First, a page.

Miles 11-15 took my confidence out to the woodshed. I was really struggling by mile 10. I chalked the tiredness up to going out too fast and my shunning of p90x. At the mile 11 aid station my stomach was rolling and I felt pretty bad. My blood sugar was 135 at mile 8, I checked again and was surprised to find a 36. Not a PR for me in a race, but close. The volunteer at 11 was either familiar with diabetics, a nurse, or an angel. I was too low to make decent decisions and my stomach was not going to tolerate my go to Hammer gel treatment. My new aid station guardian insisted on my partaking of some peanut butter, chips, and assorted goodies. I spent some time recovering and the protein settled things down enough for me to suck down 3 gels. I convinced the aid station that I would survive at least long enough to make mile 14 and they let me go with a cargo pocket full of Hammer gels. By now, I was pretty close to last place, although still slightly ahead of the DNFs. I figured my chances of finishing at about half. I made it to mile 14 with a 79 blood sugar. Normal for the pancreas functional crowd, but too close to disaster for me. I had switched insulin delivery systems and was running half the amount of my usual basal rates. My best professional medical guess, my effort level was much higher than usual causing my muscles to slurp glucose. At mile 14 I discovered the hot soup. Chicken noodle soup rules! It fully calmed down the belly and I dined, as if this were my last meal. I figured 15% chance it was. 

Even without my glasses
I found my bag check with
very little trouble.
Miles 16-20, my confidence shattered and I prayed for rapture. I was recovered from the low BS, but pretty beat up from it. My food intake was back to normal, but I would have rather tried rocky mountain oysters with blood pudding than force down another Hammer gel. My under training started to show. My Frankenankle (Thanks for the moniker Jay) was holding up nicely, but I had real tendon issues starting in both legs. I used my pottery lust to carry me forward, but I was walking the ups and even some of the downs by now. The math said I could finish within 8 hours, but the biology said I might have to crawl. I was pretty sure no one was behind me. As my desire for pottery began to flag, I decided to quit at the mile 17 aid station. Then suddenly I was passing runners again. Of course, they were the returning 40 milers and they were headed toward me, but it was very nice to see hominids again. I saw some friendly faces (Bart), stopped and spoke with Jay (cold symptoms), Heiko (also GI issues), Scott (disgustingly chipper) and found some new reserves. I rested at aid station 17 and took time to soup and chat with the volunteers. I saw the last of the 40 milers come through and finally trekked off toward promised hot coffee at the finish. By mile 18.5 I could not run any more. Left leg quad was done. I had shortened my stride to a rock kicking shuffle a while back, but even that was becoming excruciating. I was afraid I would hurt it badly enough to prevent even walking. This part sucked. But surprisingly to me, it restored some of my confidence. Not in my fitness, I know I need a good 6 months of building stamina, but in my will power. I have not been over a 50k in racing (that turned into 33 miles because of a rerouting around a washed out bridge). This felt much worse. Even though it was only 20 miles, I was well past my physical reserves. UMR 2013 was an Ultra for me, and it tested my moxie, pluck, chutzpah, and gumption. I finished at the expense of my soft tissues, but backbone is pricey and worth it. I am not sure I will finish Umstead under the cut off this year, but after a summer of rebuilding I know I will return to whatever my abilities allow. Finally, 10 months after surgery I am starting to desire running again (and not just for the swag). I will start next week as soon as I can walk without limping.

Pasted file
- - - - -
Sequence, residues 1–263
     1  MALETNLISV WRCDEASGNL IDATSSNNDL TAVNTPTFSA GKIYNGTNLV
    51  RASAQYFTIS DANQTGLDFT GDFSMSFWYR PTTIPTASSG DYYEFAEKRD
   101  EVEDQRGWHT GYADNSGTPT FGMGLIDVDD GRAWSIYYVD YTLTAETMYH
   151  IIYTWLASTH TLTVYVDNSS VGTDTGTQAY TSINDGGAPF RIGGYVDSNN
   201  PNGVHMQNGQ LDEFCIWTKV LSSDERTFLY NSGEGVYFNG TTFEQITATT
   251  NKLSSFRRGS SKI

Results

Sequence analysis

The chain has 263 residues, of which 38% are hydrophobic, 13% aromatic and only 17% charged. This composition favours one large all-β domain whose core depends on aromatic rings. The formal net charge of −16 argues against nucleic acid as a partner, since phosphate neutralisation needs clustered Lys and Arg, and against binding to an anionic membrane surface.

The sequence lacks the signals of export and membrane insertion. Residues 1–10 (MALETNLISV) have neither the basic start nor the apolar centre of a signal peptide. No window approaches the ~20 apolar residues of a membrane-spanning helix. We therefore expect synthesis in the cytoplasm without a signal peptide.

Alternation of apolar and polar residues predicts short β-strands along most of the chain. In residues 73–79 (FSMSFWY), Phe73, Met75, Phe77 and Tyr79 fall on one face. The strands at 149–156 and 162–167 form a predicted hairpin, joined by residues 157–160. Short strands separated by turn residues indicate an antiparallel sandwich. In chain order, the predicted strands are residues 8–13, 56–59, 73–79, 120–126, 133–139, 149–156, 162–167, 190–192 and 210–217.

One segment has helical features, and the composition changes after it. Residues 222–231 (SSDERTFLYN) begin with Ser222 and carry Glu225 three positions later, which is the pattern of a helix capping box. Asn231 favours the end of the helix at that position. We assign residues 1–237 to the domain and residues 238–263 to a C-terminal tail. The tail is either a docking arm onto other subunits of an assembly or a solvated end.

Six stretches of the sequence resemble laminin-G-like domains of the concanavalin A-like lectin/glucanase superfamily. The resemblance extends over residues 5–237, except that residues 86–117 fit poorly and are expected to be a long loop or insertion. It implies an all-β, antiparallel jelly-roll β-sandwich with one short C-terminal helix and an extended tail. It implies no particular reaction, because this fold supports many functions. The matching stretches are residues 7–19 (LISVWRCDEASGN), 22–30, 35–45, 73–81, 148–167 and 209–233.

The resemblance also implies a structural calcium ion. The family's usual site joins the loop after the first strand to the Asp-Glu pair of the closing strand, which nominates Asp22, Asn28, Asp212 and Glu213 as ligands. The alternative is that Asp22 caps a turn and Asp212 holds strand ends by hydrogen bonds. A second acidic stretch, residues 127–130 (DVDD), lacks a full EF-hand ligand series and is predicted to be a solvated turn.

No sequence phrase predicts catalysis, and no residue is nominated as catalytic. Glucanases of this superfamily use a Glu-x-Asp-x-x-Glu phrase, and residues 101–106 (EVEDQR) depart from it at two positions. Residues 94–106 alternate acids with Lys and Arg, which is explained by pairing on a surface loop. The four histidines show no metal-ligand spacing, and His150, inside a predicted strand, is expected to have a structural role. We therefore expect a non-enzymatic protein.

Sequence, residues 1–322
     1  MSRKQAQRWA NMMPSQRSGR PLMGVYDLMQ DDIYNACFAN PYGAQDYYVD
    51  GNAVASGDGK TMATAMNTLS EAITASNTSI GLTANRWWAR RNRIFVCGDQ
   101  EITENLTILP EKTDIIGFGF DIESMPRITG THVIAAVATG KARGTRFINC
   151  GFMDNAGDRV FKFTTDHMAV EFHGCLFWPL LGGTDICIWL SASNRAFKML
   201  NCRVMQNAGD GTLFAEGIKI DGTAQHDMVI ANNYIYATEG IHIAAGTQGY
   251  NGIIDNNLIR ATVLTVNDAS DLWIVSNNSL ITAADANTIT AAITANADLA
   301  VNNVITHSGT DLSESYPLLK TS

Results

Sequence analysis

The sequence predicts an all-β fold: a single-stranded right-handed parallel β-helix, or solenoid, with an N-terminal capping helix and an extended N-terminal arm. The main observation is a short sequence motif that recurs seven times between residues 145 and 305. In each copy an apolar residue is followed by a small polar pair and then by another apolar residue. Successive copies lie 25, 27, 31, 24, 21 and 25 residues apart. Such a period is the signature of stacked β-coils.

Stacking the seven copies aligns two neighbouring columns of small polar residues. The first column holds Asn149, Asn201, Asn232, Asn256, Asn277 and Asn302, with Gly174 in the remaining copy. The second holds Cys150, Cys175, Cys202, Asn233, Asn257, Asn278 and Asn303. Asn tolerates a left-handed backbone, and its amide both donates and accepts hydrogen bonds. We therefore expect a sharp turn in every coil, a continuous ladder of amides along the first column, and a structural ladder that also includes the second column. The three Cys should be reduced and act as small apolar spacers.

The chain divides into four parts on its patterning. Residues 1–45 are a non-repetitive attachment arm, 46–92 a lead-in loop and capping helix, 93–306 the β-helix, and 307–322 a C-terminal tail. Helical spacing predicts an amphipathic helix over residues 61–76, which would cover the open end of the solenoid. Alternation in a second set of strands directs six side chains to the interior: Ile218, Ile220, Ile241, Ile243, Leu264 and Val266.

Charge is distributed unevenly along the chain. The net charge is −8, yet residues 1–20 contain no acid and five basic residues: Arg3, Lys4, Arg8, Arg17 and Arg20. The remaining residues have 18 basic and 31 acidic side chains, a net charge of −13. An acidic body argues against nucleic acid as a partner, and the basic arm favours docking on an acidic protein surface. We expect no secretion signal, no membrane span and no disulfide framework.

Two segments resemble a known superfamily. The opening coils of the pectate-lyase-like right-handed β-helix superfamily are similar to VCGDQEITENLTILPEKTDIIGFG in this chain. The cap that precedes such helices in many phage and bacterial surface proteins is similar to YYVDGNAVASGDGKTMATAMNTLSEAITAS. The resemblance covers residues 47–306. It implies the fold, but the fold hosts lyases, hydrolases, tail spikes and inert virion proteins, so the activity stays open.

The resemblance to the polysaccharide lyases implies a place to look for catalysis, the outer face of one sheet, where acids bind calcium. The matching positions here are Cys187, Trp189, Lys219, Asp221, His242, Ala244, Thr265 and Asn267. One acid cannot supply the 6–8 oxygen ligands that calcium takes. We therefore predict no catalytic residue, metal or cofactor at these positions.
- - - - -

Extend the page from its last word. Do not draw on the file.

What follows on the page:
Cold ducks are known to be very good for inflammation.